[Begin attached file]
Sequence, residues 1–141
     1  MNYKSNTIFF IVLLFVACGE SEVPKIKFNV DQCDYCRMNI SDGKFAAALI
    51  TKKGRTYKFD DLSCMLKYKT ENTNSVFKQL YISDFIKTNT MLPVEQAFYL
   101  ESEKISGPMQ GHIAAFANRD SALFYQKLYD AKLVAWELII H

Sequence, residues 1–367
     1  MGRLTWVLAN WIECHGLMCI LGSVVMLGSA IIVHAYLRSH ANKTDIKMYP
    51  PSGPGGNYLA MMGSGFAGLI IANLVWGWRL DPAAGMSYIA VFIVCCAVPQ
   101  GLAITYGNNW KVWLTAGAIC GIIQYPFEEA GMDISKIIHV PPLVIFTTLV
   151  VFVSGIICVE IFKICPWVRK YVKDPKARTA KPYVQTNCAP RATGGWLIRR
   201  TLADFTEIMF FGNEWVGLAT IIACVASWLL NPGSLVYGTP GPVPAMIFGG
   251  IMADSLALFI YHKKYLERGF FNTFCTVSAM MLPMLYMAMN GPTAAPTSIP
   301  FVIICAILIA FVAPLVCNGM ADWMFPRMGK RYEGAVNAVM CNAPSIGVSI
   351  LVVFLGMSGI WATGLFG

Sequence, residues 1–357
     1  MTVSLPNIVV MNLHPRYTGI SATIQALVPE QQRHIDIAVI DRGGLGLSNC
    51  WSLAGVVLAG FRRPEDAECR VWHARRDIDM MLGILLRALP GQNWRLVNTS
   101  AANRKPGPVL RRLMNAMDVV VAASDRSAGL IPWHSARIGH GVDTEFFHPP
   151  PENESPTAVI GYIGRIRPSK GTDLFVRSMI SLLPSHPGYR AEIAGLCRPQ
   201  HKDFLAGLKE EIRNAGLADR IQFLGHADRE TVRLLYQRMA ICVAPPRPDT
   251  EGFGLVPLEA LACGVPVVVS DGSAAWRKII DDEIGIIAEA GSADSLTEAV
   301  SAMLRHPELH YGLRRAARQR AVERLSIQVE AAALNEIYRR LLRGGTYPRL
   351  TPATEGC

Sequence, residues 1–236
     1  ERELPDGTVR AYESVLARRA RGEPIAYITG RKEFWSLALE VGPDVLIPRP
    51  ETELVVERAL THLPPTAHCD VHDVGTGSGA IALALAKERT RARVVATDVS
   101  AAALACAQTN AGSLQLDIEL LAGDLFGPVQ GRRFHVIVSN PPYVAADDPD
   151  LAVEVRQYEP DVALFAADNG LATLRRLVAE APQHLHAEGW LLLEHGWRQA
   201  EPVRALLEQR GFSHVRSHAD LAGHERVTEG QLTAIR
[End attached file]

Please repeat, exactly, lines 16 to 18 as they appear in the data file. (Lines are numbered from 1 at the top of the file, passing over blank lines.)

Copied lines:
    51  WSLAGVVLAG FRRPEDAECR VWHARRDIDM MLGILLRALP GQNWRLVNTS
   101  AANRKPGPVL RRLMNAMDVV VAASDRSAGL IPWHSARIGH GVDTEFFHPP
   151  PENESPTAVI GYIGRIRPSK GTDLFVRSMI SLLPSHPGYR AEIAGLCRPQ